# Modeling both mean and standard deviation to achieve on target results with minimal variation

Mark Anderson on May 28, 2024

My colleague Richard Williams just completed a very thorough three-part series of blogs detailing experiment designs aimed at building robustness against external noise factors, internal process variation, and combinations of both. In this follow up, I present another, more simplistic, approach to achieve on target results with minimal variation: Model not only the mean outcome but also the standard deviation. Experimenters making multiple measurements for every run in their design often overlook this opportunity.

For example, consider the paper helicopter experiment done by students of my annual DOE class at South Dakota Mines. The performance of these flying machines depends on paper weight, wing and body dimensions and other easily controlled factors such as putting on a paper clip to stabilize rotation. To dampen down variability in launching and air currents, students are strongly encouraged to drop each of their ‘copters three times and model the means of the flight time and distance from target. I also urge them to analyze the standard deviations of these two measures. Those who do discover that ‘copters without paper clips exhibit significantly higher variability in on-target landings. This can be seen in the interaction plot pictured, which came from a split plot factorial on paper helicopters done by me and colleagues at Stat-Ease (see this detailed here).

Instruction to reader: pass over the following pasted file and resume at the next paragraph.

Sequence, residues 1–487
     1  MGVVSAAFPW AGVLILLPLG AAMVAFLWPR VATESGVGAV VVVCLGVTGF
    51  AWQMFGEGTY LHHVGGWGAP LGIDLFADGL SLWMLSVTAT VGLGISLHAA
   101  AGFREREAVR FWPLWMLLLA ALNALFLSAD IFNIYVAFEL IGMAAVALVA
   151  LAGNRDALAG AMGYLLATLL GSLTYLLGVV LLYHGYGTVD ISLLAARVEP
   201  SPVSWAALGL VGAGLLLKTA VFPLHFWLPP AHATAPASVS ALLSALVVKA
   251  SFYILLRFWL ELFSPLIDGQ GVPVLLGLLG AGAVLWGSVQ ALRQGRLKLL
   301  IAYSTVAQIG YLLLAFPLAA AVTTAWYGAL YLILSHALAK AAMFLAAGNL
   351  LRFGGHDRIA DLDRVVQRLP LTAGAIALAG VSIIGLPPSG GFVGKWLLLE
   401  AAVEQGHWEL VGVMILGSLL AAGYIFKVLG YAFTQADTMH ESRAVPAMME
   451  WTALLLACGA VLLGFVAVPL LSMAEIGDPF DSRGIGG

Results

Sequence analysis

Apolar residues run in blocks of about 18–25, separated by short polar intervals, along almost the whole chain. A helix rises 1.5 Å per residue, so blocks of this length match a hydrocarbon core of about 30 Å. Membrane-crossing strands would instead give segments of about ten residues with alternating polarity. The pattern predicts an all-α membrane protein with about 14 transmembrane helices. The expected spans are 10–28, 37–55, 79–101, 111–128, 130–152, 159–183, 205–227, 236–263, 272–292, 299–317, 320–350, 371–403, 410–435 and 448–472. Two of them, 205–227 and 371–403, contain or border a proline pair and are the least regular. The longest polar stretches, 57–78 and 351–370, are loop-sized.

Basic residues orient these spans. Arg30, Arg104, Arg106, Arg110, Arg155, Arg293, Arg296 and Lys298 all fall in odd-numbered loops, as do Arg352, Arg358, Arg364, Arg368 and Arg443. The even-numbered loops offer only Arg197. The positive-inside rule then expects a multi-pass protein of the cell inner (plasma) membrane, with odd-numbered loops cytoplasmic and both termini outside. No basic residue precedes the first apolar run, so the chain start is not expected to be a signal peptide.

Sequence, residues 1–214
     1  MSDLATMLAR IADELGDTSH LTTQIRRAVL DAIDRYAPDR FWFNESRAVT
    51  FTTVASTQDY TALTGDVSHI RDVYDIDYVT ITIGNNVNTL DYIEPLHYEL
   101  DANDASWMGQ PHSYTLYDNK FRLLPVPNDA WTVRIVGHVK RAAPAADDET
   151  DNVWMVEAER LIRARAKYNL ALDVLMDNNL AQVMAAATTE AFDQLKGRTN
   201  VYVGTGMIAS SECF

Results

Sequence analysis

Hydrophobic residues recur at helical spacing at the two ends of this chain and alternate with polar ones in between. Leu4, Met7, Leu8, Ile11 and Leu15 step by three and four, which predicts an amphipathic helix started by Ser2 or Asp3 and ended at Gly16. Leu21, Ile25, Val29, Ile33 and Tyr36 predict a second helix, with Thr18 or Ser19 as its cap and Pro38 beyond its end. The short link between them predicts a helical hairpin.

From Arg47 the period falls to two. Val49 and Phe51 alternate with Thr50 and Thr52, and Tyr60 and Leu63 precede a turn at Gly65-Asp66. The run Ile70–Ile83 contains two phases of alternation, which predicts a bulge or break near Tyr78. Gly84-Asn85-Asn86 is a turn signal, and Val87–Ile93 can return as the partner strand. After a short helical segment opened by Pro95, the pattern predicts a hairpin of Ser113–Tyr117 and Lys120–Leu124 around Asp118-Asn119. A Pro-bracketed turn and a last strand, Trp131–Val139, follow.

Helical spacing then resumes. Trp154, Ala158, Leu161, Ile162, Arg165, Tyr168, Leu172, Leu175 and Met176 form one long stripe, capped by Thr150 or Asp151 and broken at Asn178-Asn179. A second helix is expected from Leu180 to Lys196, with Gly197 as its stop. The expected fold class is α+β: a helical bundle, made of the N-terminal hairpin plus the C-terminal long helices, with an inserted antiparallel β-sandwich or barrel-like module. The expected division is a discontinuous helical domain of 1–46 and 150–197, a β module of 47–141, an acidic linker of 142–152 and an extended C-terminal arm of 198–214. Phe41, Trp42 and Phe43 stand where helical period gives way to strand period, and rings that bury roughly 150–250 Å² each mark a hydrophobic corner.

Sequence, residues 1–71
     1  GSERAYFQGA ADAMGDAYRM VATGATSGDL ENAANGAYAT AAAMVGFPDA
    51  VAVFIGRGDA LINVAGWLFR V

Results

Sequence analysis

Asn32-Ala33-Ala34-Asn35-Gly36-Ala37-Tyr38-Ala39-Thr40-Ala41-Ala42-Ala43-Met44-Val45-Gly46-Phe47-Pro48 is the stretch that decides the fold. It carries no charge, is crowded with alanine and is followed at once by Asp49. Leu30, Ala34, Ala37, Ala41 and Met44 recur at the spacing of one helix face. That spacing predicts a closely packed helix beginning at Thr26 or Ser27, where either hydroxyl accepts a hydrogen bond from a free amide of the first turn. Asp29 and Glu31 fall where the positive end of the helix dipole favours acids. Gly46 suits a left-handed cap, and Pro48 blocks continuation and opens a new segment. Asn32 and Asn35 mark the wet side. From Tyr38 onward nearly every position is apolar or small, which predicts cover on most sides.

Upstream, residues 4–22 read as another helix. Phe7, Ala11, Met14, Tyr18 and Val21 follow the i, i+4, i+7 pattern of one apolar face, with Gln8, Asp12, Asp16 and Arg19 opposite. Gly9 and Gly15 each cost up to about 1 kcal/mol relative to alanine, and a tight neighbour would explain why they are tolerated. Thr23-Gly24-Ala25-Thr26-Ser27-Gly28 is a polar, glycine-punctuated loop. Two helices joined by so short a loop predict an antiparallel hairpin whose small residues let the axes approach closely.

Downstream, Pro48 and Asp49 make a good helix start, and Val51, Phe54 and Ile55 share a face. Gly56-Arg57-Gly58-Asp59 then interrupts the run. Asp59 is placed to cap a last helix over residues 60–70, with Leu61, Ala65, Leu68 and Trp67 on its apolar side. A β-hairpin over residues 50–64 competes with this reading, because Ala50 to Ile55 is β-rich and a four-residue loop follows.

Putting on a paper clip dramatically decreased the standard deviation of distance from target for wide bodied ‘copters, but not for narrow bodied ones. Good to know!

When optimizing manufacturing processes via response surface methods, measuring variability as well as the mean response can provide valuable insights. For example, see this paper by me and Pat Whitcomb on Response Surface Methods (RSM) for Peak Process Performance at the Most Robust Operating Conditions for more details. The variability within the sample collection should represent the long-term variability of the process. As few as three per experimental run may be needed with the proper spacing.

By simply capturing the standard deviation, experimenters become enabled to deal with unknown external sources of variation. If the design is an RSM, this does not preempt them from also applying propagation of error (POE) to minimize internal variation transmitted to responses from poorly controlled process factors. However, to provide the greatest assurance for a robust operating system, take one of the more proactive approaches suggested by Richard.